On a mission to build 25 bat houses: Durham’s Bat Rangers are back in action

students listening to Bat habitat presentation

By Jillian Follert

Clarington This Week


A group of Durham kids on a mission to save the little brown bat is back in action this year and looking for the community’s help.

The Bat Rangers from St. Mother Teresa Catholic Elementary School in Courtice are working to raise awareness of white-nose syndrome, a disease killing millions of little brown bats in North America.

Last school year, a group of 16 students got the ball rolling with a PSA video.

This year, the group has grown to 36 Bat Rangers in grades 1, 2 and 3 — and their goals have grown too.

The video received more than 100,000 views on Facebook.

Now, the group is hoping to build 25 bat houses, structures that provide bats with a safe alternative to caves, where the fungus that causes white-nose syndrome is found.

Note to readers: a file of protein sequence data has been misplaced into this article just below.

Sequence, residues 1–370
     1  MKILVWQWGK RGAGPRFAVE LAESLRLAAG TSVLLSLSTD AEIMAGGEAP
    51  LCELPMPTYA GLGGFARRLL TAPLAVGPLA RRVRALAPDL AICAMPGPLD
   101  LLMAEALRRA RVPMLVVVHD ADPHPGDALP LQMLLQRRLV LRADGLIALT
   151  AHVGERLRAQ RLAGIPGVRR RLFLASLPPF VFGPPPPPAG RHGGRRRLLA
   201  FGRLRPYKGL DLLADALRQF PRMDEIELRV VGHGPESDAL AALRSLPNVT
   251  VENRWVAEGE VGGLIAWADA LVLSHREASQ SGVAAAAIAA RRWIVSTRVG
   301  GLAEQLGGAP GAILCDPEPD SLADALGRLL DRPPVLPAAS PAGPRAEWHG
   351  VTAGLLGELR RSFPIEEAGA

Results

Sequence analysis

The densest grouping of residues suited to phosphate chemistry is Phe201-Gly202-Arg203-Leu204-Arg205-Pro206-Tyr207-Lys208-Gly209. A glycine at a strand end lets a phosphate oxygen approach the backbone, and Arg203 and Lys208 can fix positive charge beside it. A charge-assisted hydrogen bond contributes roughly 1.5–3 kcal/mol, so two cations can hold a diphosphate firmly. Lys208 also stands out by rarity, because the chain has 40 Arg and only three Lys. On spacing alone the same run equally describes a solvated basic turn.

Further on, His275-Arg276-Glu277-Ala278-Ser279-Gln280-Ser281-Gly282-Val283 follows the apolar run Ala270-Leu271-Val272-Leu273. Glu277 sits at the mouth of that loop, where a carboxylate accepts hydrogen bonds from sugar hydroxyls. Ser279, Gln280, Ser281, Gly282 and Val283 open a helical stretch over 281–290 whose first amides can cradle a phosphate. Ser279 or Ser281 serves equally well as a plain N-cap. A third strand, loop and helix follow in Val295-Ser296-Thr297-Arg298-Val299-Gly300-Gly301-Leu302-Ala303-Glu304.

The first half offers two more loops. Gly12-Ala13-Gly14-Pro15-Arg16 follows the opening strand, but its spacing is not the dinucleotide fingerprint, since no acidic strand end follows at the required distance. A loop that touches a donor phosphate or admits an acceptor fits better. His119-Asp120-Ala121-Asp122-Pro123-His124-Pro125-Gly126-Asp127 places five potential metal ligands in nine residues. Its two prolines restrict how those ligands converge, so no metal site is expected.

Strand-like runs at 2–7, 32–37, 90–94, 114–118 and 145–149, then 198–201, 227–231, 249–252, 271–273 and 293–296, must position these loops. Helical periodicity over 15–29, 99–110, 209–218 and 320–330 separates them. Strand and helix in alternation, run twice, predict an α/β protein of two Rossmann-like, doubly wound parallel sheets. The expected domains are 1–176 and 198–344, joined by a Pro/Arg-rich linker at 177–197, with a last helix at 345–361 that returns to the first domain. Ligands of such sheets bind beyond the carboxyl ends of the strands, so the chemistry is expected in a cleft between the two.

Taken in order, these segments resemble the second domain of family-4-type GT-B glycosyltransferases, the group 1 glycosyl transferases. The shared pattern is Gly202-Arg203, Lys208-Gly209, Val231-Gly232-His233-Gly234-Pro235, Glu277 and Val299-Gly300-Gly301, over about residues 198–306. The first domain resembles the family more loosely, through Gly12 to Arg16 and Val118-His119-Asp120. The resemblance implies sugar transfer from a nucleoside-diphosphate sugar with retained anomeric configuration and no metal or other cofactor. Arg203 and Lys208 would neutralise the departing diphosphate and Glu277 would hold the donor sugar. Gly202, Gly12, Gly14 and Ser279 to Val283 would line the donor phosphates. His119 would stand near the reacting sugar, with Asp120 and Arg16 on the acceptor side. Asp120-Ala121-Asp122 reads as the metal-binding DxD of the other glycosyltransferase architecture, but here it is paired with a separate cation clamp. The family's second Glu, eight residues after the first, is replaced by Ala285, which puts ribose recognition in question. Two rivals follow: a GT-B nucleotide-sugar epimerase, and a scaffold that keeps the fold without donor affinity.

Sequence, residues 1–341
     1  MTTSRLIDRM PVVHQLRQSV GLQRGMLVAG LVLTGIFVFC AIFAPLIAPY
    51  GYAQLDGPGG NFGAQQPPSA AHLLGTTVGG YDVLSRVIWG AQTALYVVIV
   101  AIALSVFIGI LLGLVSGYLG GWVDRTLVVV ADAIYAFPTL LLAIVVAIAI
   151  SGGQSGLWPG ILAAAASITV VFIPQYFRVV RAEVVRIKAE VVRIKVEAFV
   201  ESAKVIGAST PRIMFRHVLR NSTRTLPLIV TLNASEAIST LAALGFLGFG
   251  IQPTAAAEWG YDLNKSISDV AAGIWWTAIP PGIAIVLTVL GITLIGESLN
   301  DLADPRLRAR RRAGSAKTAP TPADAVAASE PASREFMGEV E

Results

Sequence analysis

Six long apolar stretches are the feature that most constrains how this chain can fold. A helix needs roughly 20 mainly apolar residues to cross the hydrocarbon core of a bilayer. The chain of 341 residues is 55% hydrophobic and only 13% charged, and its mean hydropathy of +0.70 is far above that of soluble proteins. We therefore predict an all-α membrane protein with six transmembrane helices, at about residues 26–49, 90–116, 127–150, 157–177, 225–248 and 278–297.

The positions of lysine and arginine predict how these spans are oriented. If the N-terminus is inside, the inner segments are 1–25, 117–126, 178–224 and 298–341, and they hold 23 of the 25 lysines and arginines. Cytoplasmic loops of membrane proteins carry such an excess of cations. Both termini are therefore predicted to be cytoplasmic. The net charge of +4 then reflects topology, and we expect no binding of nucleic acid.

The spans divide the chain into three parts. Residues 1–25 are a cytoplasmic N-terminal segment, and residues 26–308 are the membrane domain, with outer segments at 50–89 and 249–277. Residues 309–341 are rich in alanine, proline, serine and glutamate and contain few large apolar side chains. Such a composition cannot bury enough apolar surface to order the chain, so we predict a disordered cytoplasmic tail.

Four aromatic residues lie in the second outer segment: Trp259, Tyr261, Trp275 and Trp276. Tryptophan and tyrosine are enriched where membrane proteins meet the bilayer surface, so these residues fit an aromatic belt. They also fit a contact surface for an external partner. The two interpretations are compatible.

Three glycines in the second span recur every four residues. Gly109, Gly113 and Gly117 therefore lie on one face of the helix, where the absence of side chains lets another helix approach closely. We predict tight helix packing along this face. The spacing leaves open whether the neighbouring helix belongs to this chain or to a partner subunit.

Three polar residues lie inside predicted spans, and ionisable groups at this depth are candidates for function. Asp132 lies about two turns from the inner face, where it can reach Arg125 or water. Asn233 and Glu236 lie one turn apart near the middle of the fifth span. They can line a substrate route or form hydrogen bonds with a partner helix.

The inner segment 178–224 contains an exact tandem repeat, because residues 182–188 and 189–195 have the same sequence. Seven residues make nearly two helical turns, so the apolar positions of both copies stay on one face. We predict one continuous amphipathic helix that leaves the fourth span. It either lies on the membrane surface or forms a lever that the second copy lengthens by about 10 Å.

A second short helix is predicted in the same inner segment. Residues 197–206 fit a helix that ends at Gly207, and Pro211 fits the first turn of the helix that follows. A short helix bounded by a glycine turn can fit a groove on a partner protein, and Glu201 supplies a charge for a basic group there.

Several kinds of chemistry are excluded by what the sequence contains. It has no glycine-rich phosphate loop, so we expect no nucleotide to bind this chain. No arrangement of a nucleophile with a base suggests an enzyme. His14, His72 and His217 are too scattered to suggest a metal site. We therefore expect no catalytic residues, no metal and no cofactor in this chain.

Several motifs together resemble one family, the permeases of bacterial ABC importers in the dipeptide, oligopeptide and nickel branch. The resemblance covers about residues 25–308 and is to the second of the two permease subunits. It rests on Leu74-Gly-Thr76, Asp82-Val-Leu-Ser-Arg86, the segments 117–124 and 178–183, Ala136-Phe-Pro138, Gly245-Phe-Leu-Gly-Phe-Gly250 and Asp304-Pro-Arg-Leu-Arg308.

“The bats are getting sick,” explains six-year-old Kayla Brocklehurst. “And we need to help them.”

The Bat Rangers started as part of a “deep learning” project spearheaded by teacher Michelle Rodriguez.

She says the students have learned valuable research skills such as how to ask for community help by making a phone call or writing an email.

“This has helped them realize that, even though they’re one little person, they can make a difference. They may be in Grade 1, but they can change the world,” Rodriguez says.

So far, the Bat Rangers have received a $400 donation from General Motors and a donation of wood from Home Depot.

Students at nearby Holy Trinity Catholic Secondary School have volunteered to cut the wood.